There was an interesting discussion between Jonathan Strahan and Gary Wolfe a while back on the Coode Street Podcast about the attractions of the novella form: long enough to allow some interesting world-building and development, but not as major a commitment as a novel. With Tor (in particular) publishing a number of novellas, there’s a market for the stories. Unsurprisingly, authors have risen to the challenge.… Read the rest
Acknowledgement: The first line was seen on a placard on the climate change march in
Melbourne, Sunday 21 September 2014, which inspired the rest.
The Denier’s Nightmare
by Tony Thomas
I love a sun-powered country
Whose roofs are turning green,
Where trees have done for coal stacks
And cars are seldom seen.… Read the rest
Tony Thomas sends us his thoughts on some articles in recent issues of Wild Goose
Red Sparrow reviewed by Roman: I read the novel about the same time as you and had similar reactions.
Although considerably bloodier than novels by Stella Rimington (former head of MI5), you’ve got to believe the spycraft in both her books and Red Sparrow because they’re written by people who supposedly have lived these lives.… Read the rest
A French group, Le Phun, created a hundred of these sculptures for WOMADelaide.
… Read the rest
“The innovative theatre company from Toulouse combines the reality of the everyday with the creative world of the imagination. Their beguiling, ephemeral Leafies (Les Pheuillus) – plant sculptures born from autumn leaves, in human form – will appear and migrate to unexpected places in Botanic Park during the festival, as a reflection on the poetic aspects of nature.”
Polly Higgins was a Scottish barrister, who left her career as a corporate lawyer to focus on environmental advocacy, and unsuccessfully lobbied the United Nations Law Commission to recognise ecocide as an international crime.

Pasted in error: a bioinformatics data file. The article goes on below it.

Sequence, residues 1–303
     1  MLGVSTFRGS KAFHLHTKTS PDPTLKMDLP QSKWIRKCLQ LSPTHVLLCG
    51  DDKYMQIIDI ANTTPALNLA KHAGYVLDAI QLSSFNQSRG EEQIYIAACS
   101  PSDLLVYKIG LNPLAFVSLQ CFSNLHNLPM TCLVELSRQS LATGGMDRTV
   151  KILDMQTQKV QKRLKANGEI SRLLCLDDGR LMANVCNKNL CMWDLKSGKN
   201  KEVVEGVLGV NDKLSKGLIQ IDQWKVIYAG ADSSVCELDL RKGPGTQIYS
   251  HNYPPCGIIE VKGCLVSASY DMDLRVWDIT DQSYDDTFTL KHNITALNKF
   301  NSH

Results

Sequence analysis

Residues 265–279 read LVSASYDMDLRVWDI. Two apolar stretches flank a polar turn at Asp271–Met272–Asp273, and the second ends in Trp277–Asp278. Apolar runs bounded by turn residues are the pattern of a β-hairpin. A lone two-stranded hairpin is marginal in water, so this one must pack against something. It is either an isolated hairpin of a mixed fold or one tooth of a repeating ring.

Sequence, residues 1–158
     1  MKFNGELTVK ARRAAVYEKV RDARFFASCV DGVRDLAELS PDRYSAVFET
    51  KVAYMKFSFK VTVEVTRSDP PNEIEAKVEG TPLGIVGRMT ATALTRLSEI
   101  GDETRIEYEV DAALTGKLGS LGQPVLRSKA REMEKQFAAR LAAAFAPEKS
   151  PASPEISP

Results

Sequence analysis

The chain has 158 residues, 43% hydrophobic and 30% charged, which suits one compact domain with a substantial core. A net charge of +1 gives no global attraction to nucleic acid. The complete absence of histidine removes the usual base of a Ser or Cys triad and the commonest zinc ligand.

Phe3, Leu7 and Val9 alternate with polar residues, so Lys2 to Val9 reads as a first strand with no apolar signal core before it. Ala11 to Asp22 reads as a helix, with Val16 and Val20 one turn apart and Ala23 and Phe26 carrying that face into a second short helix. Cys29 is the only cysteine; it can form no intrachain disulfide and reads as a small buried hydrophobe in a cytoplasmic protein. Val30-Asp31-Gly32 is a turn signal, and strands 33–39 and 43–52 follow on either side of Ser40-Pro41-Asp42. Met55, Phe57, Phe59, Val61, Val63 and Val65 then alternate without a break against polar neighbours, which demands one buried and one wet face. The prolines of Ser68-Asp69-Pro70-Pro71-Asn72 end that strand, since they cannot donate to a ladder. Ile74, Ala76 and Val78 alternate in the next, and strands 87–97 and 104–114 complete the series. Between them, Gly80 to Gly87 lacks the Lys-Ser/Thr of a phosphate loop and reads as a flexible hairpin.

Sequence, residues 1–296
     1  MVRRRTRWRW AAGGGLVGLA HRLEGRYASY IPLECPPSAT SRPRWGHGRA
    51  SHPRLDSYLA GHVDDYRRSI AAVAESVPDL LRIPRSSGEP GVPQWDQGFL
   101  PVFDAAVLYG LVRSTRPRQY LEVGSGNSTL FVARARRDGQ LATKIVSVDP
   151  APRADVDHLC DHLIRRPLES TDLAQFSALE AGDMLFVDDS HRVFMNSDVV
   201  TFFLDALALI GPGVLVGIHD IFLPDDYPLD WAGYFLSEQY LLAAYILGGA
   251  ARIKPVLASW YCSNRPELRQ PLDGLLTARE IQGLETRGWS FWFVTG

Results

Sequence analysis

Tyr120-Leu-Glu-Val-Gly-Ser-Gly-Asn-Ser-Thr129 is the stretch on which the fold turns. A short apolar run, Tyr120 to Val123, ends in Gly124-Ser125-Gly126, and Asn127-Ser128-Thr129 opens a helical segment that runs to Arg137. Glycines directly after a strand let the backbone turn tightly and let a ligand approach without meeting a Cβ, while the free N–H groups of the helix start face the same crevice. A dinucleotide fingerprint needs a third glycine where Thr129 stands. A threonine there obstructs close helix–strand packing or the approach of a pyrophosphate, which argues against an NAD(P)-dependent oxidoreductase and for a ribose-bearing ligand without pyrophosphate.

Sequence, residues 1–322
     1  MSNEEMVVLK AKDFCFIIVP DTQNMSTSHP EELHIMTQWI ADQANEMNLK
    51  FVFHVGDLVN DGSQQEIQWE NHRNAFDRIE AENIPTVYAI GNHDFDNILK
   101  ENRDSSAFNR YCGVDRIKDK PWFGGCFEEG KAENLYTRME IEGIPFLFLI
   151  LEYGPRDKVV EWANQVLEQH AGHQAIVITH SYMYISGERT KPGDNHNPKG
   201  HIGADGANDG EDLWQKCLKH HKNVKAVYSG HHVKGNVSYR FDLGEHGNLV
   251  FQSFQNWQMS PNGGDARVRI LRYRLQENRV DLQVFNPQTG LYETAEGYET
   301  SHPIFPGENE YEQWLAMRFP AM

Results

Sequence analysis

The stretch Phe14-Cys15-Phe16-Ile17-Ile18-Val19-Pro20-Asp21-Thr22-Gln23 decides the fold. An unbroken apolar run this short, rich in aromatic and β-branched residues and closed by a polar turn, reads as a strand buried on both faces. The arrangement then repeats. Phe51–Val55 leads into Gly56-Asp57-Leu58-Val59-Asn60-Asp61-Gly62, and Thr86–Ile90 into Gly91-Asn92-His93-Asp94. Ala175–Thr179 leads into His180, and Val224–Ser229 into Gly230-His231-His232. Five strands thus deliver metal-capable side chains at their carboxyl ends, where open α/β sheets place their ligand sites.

Ecocide had been proposed as one of the international crimes against peace in 1996, but failed to be included in the final Rome Statute of the International Criminal Court. Higgins started to campaign for its inclusion around 2009, when the Rome statue was being reviewed.… Read the rest
In part two of my 2014 interview with Polly Higgins, we start by talking bout why ecocide should be a criminal, rather than civil matter.… Read the rest
A lovely cover snap by Adam of a stream in Delft, taken during his European visit.
This issue, we discuss ecocide, building and designing robots, an invasion and climate politics.
Marc Ortlieb looks at Lewis Carrol’s Phantasmagoria, Tony Thomas provides a poetic glimpse at our future, and Ian Borchardt looks at Jane Austin, Private Eye. We’ve also returned the comment forms to make it easier for you to respond.… Read the rest
Adam: It has been a busy time since the last issue. Probably the highlight for me was a lightning trip to Europe. For various reasons I’ve been working on a long-running research project to develop a system that we hope will encourage the reuse of building components. Currently the construction industry is one of, if not the biggest producer of waste materials in Australia, so any means to reduce that waste is a worthwhile step.… Read the rest
On the 150th Anniversary of one of Lewis Carroll’s lesser known works.